Homeowner associations, like most organizations, have adopted information technology for everything from accounting and bookkeeping to email and other forms of communication such as preparation of documents and presentations, etc. However, HOA board members and their management staff must recognize and address the inherent risks in modern electronic technology, especially data breaches & server hacks that compromise information the HOA is responsible for keeping private.
Types/Levels of Data
Not all information is equal. An HOA basically has three levels of information:
- Information suitable for the public, such as the HOA’s founding documents (articles of incorporation, CC&Rs, Bylaws), possibly marketing and promotional materials and HOA-sponsored events open to the general public.
- Information limited to members, including a member directory, meeting agendas and minutes, financial reports required by the Bylaws or state law to be published to members, rules enforcement procedures and HOA-sponsored events open to members only.
- Information restricted to HOA board members and management; for example:
- Minutes of executive session meetings
- Board packets & management reports
- Disciplinary & collection activities
- Email between/among board members
- Contracts & other legal matters/documents
- HOA employee personnel records
Best Practices to Protect HOA Information
The technical tools – passwords, firewalls, data encryption – used to protect information stored electronically are beyond the scope of this article. Board members should consult with the HOA’s IT experts, whether they are in-house employees, management company employees or an outside IT contractor service. These specialists are best able to advise the board what data security features the HOA implement.
However, the HOA board and the management staff must go beyond mere technical solutions to:
- First, recognize the organization’s information is an asset of the HOA like physical assets, and they must protect that information.
- Second, review applicable federal, state and local laws and regulations to determine the scope of their obligation to protect HOA information.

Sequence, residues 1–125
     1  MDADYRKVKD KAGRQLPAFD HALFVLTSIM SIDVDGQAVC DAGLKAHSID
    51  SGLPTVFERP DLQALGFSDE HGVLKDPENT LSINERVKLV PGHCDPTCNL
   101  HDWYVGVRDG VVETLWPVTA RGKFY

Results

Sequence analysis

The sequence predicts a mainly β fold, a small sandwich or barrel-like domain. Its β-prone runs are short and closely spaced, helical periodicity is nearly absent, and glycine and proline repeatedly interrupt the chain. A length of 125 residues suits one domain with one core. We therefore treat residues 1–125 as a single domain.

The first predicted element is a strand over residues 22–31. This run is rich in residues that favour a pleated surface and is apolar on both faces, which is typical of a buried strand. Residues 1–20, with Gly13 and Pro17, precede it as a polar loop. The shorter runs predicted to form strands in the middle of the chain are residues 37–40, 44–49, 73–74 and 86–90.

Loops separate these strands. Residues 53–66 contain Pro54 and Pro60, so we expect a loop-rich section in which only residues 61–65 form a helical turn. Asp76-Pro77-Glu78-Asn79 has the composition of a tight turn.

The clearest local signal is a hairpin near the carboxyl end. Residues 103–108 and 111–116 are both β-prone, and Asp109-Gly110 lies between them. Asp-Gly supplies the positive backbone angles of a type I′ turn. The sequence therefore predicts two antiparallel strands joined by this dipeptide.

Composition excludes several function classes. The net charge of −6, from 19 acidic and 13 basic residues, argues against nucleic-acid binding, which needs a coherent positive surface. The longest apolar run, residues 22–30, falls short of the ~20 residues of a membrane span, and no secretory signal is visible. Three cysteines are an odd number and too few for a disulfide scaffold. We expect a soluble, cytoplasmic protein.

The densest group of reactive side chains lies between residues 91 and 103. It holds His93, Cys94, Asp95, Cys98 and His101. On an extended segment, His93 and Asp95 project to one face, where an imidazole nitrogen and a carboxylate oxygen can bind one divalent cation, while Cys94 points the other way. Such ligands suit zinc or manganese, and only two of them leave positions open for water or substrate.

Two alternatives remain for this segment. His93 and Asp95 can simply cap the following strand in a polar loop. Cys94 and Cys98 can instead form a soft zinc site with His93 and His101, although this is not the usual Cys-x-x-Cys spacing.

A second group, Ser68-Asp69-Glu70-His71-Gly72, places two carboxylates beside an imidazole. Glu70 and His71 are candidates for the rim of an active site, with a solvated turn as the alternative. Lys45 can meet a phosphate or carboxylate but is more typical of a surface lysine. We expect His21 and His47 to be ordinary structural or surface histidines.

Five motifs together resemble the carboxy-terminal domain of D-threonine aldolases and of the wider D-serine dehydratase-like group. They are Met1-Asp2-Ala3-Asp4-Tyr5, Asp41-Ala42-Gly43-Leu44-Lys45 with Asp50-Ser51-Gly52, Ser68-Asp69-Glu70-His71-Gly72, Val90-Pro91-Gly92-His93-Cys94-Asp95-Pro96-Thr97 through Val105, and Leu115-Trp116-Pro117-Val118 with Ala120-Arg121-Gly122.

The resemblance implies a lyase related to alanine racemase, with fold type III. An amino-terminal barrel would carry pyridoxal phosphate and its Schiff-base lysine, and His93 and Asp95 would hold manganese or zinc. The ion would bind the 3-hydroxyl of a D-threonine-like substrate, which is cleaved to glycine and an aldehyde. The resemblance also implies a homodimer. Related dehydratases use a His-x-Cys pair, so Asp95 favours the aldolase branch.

- Third, develop and adopt an information security policy and associated procedures, to include:
- What information is to be protected, at what level
- What steps are to be taken if/when there is a data breach
- What, when and how records will be disposed of when they are no longer needed
- Acquire the appropriate liability insurance in case the HOA is sued as a result of a data breach.
This may seem like overkill, especially for a small HOA with limited resources. However, having policies and procedures in place reduces the chances of the HOA, its board and its management being found negligent and therefore liable for damages resulting from the breach.
What to Do When Protection Fails
As soon as a data breach is detected, the board and management must consider it a significant event to be dealt with promptly, with a sense of urgency.
The board and management must initiate immediately the HOA’s data breach protocol to minimize the damage. Specific steps include:
- Assess the nature (deliberate, accidental) and scope of the breach damage.
- The relevant parties: board, management and law enforcement (when appropriate)
- Those members believed to have been affected
- The insurance carrier
- All HOA members
An official spokesperson should be designated and only they should speak publicly to provide factual information. Understandably, HOA members will be upset if their information is compromised. Giving them incorrect or misleading information that later must be retracted will turn them from being upset to being angry.
Once the immediate crisis has been resolved, the board and management should conduct a thorough “after action review” to determine what must be done to prevent such failures in the future and how to improve the breach protocol. Such a crisis is unpleasant but can be a great teacher.
Large or small, every HOA has some sort of online presence with financial and member information stored on a computer somewhere. Regardless of where the information is stored, the HOA board is responsible for protecting it. The board must keep faith with their members that information will be kept safe, and protect the HOA from serious, expensive legal risks.